Kicked off with an Ok Rhum coco/blood orange/grapefruit:
RESTAURANT L'EAU A LA BOUCHE, SAINTE-ADELE,QC - RHUM COCO, ORANGE SANGUINE, PAMPLEMOUSSE Rhum coco/blood orange/grapefruit: Ok, satisfying cocktail (7/10). A second cocktail of gin/tonic (10/10) was more memorable.

Next came a mise en bouche of:

RESTAURANT L'EAU A LA BOUCHE, SAINTE-ADELE,QC - WILD MUSHROOMS, CHIVES, CREME FRAICHE Wild mushroom/chives/creme fraiche potage: evenly seasoned, not too creamy not too light, enjoyably slightly peppery with the chives adding a nice touch to the earthiness of the whole potage. Welcoming refreshing touch from the crème fraiche. Good. 8/10

Followed by:
RESTAURANT L'EAU A LA BOUCHE, SAINTE-ADELE,QC - SMOKED TROUT, CREME FRAICHE, HORSE RADISH Smoked trout from Sainte-Agathe crème fraiche, horseradish, wakamé, roasted sesame seeds – The cold smoked fish’s flesh sported an ideal pink texture. The trout was oozing with it’s enjoyable natural strong flavour. The sweet, smoky flavor of the fish was delightfully enhanced by the mix of the creme fraiche and horseradish that provided an excellent kick to the smoked trout (although common — horseradish/creme fraiche acompanying smoked fish is common affair— this was more importantlyl very tasty). 10/10 for the match Smoked Trout/Horseradish/Creme Fraiche.
Wakame: Crunchy, fresh  and tasty. Drizzling it with the sesame seeds was a great touch and turned out to be a convincing great work of taste. On it’s own, it was excellent, but not a convincing accompaniment to the smoky trout.
Precision of the cooking: 5/5 (The trout ont it’s own was nicely smoked)
Tastyness: 5/5  for the taste of the trout, same for each other element on their own
Complexity: Medium
Overall Value: 4/5
wine Pairing wine: Sauvignon Blanc 2008, Reserva Selection Limitée , Montes – Vallée de Leyda, Chile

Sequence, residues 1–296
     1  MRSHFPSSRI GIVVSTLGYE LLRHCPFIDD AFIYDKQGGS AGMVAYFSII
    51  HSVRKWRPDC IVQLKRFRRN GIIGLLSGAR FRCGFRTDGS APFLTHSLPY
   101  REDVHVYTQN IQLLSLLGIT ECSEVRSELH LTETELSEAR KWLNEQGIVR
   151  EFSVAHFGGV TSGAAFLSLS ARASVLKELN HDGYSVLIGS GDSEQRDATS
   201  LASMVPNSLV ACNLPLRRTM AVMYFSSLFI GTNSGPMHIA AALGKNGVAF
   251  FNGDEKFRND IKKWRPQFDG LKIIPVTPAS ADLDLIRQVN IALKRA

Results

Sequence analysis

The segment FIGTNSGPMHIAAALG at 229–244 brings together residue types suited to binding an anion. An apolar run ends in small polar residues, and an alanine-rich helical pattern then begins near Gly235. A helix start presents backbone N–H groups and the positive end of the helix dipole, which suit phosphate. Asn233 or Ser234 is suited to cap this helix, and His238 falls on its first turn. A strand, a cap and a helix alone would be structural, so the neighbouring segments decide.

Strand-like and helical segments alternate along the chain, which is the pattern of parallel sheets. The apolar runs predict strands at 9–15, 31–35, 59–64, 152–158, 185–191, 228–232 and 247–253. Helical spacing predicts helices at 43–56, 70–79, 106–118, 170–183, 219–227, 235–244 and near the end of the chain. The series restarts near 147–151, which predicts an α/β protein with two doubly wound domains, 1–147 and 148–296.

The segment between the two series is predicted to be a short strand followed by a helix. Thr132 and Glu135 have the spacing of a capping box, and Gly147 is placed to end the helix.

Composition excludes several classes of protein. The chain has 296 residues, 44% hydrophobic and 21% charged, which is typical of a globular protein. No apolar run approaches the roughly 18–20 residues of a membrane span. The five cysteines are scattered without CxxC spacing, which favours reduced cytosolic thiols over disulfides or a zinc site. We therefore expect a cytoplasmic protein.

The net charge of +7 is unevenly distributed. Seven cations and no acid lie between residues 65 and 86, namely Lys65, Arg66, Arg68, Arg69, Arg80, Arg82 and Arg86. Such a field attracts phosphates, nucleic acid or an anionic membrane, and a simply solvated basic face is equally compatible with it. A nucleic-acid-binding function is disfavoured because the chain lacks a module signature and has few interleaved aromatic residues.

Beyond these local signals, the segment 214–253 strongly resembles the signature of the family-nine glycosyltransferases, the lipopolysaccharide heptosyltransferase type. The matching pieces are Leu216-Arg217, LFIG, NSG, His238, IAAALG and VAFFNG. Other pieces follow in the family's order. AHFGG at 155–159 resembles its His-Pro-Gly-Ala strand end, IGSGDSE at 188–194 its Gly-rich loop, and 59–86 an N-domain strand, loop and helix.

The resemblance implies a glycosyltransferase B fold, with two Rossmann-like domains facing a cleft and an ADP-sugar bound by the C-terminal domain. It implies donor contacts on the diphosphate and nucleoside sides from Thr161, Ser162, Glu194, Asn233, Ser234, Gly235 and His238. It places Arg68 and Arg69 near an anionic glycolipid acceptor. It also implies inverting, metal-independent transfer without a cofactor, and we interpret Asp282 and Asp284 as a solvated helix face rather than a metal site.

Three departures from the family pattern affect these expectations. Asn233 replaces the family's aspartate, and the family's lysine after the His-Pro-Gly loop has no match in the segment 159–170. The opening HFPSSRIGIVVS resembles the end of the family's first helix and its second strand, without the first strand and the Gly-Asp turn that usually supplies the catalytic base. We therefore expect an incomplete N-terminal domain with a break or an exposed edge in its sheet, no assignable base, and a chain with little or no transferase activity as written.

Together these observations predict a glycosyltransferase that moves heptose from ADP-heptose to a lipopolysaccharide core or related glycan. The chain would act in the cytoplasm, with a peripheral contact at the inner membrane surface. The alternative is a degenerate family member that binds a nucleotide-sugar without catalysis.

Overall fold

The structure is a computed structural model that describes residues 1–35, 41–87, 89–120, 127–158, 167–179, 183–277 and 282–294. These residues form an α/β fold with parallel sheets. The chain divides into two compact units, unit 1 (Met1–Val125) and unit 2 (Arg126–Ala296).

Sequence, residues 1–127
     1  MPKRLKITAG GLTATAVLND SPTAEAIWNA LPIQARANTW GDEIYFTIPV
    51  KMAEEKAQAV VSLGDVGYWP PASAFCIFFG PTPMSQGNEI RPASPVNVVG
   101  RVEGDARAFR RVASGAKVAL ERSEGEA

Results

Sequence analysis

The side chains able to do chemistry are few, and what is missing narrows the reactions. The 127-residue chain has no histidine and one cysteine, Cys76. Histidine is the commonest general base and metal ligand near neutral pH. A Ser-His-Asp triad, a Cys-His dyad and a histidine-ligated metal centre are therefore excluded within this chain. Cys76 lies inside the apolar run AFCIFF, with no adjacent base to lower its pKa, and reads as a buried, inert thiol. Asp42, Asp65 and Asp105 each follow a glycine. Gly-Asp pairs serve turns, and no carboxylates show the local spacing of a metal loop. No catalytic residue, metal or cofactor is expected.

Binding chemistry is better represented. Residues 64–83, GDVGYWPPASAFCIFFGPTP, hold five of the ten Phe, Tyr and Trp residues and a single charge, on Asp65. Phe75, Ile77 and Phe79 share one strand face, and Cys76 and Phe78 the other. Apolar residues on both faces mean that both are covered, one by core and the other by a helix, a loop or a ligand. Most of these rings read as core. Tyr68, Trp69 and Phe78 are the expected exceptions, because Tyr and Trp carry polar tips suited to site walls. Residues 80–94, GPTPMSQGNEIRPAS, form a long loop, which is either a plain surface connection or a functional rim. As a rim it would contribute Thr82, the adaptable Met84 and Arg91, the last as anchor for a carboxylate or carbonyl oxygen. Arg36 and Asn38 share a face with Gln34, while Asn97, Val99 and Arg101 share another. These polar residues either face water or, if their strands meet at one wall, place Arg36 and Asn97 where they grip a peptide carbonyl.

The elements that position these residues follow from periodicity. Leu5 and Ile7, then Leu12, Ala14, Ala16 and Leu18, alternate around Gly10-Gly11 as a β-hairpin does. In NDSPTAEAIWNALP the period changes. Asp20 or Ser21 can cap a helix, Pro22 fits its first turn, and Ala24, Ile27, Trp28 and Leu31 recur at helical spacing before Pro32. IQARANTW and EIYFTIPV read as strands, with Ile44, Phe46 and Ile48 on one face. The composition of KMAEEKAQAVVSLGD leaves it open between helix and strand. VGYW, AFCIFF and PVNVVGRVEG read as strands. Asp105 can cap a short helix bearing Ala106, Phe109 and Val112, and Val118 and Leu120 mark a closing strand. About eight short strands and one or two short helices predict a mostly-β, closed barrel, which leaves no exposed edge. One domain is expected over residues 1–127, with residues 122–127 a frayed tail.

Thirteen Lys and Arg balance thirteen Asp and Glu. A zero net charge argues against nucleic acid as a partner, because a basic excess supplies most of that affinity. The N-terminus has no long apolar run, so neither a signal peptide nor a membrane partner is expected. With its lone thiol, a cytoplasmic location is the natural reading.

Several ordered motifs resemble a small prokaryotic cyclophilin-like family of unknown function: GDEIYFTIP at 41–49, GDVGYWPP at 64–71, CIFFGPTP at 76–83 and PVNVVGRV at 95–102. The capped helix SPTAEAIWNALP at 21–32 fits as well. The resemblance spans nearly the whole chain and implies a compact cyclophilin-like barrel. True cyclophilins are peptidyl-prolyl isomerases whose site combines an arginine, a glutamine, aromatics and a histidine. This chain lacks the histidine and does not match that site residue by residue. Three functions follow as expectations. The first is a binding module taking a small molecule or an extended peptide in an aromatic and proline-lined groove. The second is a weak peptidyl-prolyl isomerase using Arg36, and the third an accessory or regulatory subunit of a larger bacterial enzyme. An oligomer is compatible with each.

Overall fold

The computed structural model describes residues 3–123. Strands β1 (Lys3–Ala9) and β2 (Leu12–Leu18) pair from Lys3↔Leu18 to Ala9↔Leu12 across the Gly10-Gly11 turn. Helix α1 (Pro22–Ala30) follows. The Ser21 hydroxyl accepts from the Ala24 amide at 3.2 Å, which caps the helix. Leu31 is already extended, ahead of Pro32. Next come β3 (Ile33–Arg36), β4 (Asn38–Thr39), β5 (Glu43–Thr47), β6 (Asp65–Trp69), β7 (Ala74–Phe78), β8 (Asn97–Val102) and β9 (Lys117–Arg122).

It is a wine unknown to me, which is exactly what I seek for since I love discovering wines. And it turned out as a welcoming surprise to my tastebuds: nice medium-bodied mineral wine, aromatic with a nose of grass and enjoyably fruity aromas too (my tastebuds sensed aromas of litchi and cantaloup). I love this white wine: it’s aromatic, intense. To my tastebuds, this balanced so well with the smoky aspect of the trout. Great wine pairing.

RESTAURANT L'EAU A LA BOUCHE, SAINTE-ADELE,QC - DUCK FOIE GRAS AU TORCHON, CELERY, HONEY CARAMEL Fresh duck foie gras from “la Canardière” “au torchon”, celery, honey caramel  – To be honest, although “au torchon” preparations keep most part of the taste/flavors of the foie, I am more a fan of pan-seared foie (especially the ones concocted by Toque!, Bistro Cocagne and APDC. I have always said that Laprise-Loiseau-Picard have among the best techniques of pan-seared foie gras concoctions. L’Eau à la Bouche’s pan-seared foie on my 1st dinner there in Febr 2009 was also a blast, sharing actually the position of best pan-seared I ever had on a fine dining table — here & abroad’s included — with the item #3 of the last dinner at Toque!). It just blows my tastebuds way more than the “au torchon” version. To make matter worst, I really had average experiences in Mtl & surroundings with most preparations of the “au torchon” version (even at upscale restaurants, with only the one I had last summer at M Sur Masson being a highlight  (it was tiny in portion, but oh so intense and of high quality) along with the one at Toque!, too.
As to this one, the pate consistency was ideal: beautifully velvety, not too firm, not mushy  and enjoyably meaty, like I expect my au torchon foie gras to be. The La Canardière foie gras is a truely top quality foie produced in QC’s region of L’Estrie.
Tastyness: Excellent freshness + superior quality of the foie  reflected in this lovable tasty au torchon foie gras in it’s simplest splendour. The honey caramel was delicious and complemented so well the foie.
Overall Value: for the top quality foie gras, this is definitely of nice value. As for the accompaniment, I’d skip only the celery (not to be seen as a reproach here: the celery –you can see it at the bottom of the picture— adds actually a cute textural visual balance to the overall dish, was good and fresh on it’s own but not quite complementing the foie, to my tastebuds opinion) but the honey caramel was simply divine!
My only suggestion: put more complexity into the 3 pieces of toasts, for ie offer 1 honey-flavored baked toast, another one could be spice bread..etc. 8/10

See how they cook one stands to me as the best pan-seared foie I ever tasted on any upscale fine dining table, here and abroad included.

2670-0w0h0_Domaine_Croix_Saint_Salvy_Gaillac_Doux_Croix_Saint_Salvy Pairing wine: Gaillac Doux 2006, Grain de Folie Douce, Causses Marines – although I know so well this wine (one favourite of mine), I do also appreciate seeing it served on a restaurant table. It’s a great wine full of intensity, dense, with  aromatic nose of   prune, honey, currant, and an enjoyable long finish. Solid value. As for the pairing, it tuned out, in mouth, as  nice match to the foie (Undoubtly even better with some pan-seared foie gras).